Last month, I bought a steak at Sun Harvest (part of the recent Whole Foods buyout of Wild Oats), where the meat department used to be ugly but wholesome, and ended up with a $9 steak that had a thick slab of fat covering the entire back side (invisible until I opened the package) — leaving not enough meat to make a meal for two. So, I’m no longer buying meat from them, either, since the Whole Foods cheating is now in place there, too.

    Nolan Ryan brand steaks (available at Super S) evidently does NOT CO…the steaks are often irregularly cut (properly trimmed!) and often have a little gray where the meat touches the plastic wrapper when purchased, yet remain fresh — if not pretty in pink — for several days after purchase. I haven’t “lost” a single one. They’re also much more tender and flavorful than steaks from Target or Whole Foods (probably because they are less fooled-around-with and are truly fresher), and are usually the same price or less.

  24. King of the Wild Frontier says:

    @xianzomby: heh, in grade school I had a teacher who threatened to tell us what sausage casings were made of. We called her bluff, and were all like “so what?” when she told us that animal intestines were used. I think that maybe she didn’t realize that, in a rural community where half the kids lived on farms and/or hunted deer with their dads and subsequently dealt with things like gut piles, intestines weren’t that gross, really.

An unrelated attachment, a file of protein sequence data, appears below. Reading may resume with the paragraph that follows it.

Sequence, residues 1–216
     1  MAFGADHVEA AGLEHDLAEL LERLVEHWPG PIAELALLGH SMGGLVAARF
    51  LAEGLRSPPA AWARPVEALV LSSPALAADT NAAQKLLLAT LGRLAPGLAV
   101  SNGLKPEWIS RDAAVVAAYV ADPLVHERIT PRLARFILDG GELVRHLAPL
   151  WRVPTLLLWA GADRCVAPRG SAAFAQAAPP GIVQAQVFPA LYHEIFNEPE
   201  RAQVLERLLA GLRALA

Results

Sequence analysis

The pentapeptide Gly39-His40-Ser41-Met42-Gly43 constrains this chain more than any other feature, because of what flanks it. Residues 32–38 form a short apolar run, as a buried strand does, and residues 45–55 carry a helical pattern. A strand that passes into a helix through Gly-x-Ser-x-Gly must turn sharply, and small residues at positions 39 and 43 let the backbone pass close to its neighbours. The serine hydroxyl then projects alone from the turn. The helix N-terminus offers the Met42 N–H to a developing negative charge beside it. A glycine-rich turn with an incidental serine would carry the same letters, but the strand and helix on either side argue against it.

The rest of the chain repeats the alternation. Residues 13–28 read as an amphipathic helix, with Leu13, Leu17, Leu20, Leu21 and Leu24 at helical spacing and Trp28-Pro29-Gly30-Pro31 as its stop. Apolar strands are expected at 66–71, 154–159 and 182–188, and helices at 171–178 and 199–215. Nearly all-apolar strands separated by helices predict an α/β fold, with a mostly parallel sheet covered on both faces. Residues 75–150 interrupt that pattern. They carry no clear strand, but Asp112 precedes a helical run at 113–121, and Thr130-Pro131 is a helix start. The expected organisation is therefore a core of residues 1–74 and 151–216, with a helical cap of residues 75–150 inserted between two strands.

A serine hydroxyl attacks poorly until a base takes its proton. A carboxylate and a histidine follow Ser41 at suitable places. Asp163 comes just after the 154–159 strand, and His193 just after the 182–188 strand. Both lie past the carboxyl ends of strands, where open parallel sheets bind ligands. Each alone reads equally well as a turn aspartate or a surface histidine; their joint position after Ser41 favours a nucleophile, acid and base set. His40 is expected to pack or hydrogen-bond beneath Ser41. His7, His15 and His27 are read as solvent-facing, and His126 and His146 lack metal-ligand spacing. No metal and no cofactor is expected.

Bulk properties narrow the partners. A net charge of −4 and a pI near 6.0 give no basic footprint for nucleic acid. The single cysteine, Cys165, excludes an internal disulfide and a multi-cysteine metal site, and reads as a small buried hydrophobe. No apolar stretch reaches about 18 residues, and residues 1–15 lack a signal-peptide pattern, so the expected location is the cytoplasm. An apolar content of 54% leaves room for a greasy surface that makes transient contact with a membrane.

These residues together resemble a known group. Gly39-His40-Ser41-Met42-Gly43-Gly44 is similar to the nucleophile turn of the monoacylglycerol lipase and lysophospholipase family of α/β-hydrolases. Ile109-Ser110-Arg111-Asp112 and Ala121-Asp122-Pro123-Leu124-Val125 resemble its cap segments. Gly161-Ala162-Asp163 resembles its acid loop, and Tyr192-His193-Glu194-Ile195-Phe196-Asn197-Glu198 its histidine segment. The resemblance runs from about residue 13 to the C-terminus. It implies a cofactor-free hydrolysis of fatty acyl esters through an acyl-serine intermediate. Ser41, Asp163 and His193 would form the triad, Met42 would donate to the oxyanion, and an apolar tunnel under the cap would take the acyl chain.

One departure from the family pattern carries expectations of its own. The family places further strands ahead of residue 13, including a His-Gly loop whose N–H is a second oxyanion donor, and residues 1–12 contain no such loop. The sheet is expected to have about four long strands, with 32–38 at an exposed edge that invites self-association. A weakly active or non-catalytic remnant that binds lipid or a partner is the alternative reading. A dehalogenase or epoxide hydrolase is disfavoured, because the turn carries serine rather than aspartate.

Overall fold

25. FLConsumer says:

    The butcher suggestion is the best one anymore. Then you know what the meat has/hasn’t had done to it and the local butchers here know what ranches do to their meat.

    They say they’re going to label it, but in what ways? If it was a decent size notice rather than mouseprint, I’d welcome this, as there isn’t currently any real notice about it. That said, I doubt these two companies were the only companies who tamper with the meat using CO.

    For those who think there’s nothing wrong with CO-treated meat, let me just remind you that the artificially red meat can’t tell you if it was mishandled (kept too warm, etc) along its trip like real meat would. That alone should concern you.